Support this natural recovery process, and create a buffer against future stress, by:
Going for a walk in nature
Getting more rest and sleep
Eating a healthy diet full of antioxidants, vitamins and minerals for stress
Stage 4: long-term stress adaptation
For many of us, we never truly take time to recover from stressful situations. Thanks to our always-connected lives and overcommitted schedules, most people are in a constant state of fight-or-flight.
When this happens, your body adapts to chronic stress (stage four).
In stage four, you may find yourself:
Always on edge
Reacting in fear to sudden noises
Experiencing physical symptoms that don’t go away (e.g., high blood pressure, chronic sweating, etc.)
Suffering from mental health worries like anxiety or depression
And if you remain in this adaptative fourth stage for too long, all of these symptoms and mental burdens lead to the inevitable fifth and final stage.
Stage 5: burnout
Symptoms of burnout include:
Alienation from activities that contributed to your burnout (e.g., work, relationships, parenting, etc).
Chronic physical and emotional symptoms, such as cramping, migraines or chronic fatigue.
Reduced performance in all areas of life, such as difficulty focusing or concentrating on tasks.
As you transition through stages four and five, your body and brain demand a true reset.
Depending on the severity of your stress, you might want to consider:
Taking a step back and considering how your actions align (or don’t align) with your life goals and purpose.
Practising mindfulness and meditation to be more proactively aware of your mental and emotional state.
Supporting your body and brain with vitamins and minerals for burnout recovery.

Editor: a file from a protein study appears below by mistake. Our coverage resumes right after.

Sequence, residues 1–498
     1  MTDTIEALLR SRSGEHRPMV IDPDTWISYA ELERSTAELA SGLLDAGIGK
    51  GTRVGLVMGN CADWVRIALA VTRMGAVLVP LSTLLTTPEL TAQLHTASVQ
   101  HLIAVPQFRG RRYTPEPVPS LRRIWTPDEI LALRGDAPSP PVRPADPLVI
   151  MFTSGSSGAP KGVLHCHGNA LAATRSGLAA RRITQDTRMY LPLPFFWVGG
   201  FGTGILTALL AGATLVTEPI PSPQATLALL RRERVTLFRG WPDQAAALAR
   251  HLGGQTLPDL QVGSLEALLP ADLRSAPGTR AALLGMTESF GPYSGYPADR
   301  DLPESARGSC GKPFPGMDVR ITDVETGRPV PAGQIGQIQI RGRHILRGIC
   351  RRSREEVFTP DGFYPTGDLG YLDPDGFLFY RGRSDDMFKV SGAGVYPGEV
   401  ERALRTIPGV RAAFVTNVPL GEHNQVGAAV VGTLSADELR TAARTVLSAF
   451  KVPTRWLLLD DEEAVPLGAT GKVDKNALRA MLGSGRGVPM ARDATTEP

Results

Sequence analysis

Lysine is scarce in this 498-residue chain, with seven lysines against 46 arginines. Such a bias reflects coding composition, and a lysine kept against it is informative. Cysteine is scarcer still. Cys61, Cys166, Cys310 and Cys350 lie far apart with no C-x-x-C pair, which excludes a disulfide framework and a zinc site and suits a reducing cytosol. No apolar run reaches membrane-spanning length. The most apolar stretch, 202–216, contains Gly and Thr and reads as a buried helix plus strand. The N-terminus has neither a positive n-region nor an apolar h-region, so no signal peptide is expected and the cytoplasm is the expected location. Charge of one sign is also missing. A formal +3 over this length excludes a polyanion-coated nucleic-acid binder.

Chronic stress is an epidemic, and it affects all of us in different ways. While you can’t always fully escape stress, you can learn to recognise where you are in these five stages and take back control of your emotional response.
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Mind over matter: 4 ways that stress sabotages your brain health
1. Stress forces your brain into survival mode
It takes a lot of resources and neurological processes for your brain to take in data, catalogue and store information, and successfully process all of the details necessary for optimal learning, memory, decision making and emotional regulation.
As you encounter different scenarios, your brain shuttles energy from one part of the brain to the next, prioritizing what it feels is most important. But when you’re stressed, your brain is forced into survival mode.
But how does this impact you?
In survival mode, your brain devotes all of its focus to the simple acts of staying alive: breathing, motor coordination, etc.
This leaves “the parts of your brain that help to store memories and perform higher-order tasks with less energy and ability to get their own jobs done,” warns Harvard Medical School. Which explains “why you might be more forgetful when you are under stress.”
2. Stress kills your brain cells
When you’re stressed, your body gets flooded with the stress hormone known as cortisol.
Much of the structural change and neural death occurs in the brain’s hippocampus, which is the part of your brain responsible for learning and memory. So, it’s no wonder that we often suffer from memory loss or difficulty learning new information when we’re under chronic stress.
3. Chronic stress increases your risk of brain health conditions
The stress hormone cortisol doesn’t just change the structure of your brain.
Numerous studies have shown that elevated cortisol is associated with an increased risk of brain diseases and neurological disorders, including dementia and Alzheimer’s disease.
4. Stress has secondary side effects that also impact cognition
Stress has wide-reaching effects and may impact other areas of your health that have secondary influences on your brain health.
For instance, stress negatively affects your blood pressure and cardiovascular health (and optimal cardiovascular health is linked with optimal brain health).
Stress also impairs sleep, and poor sleep quality significantly impairs learning, memory and mental health.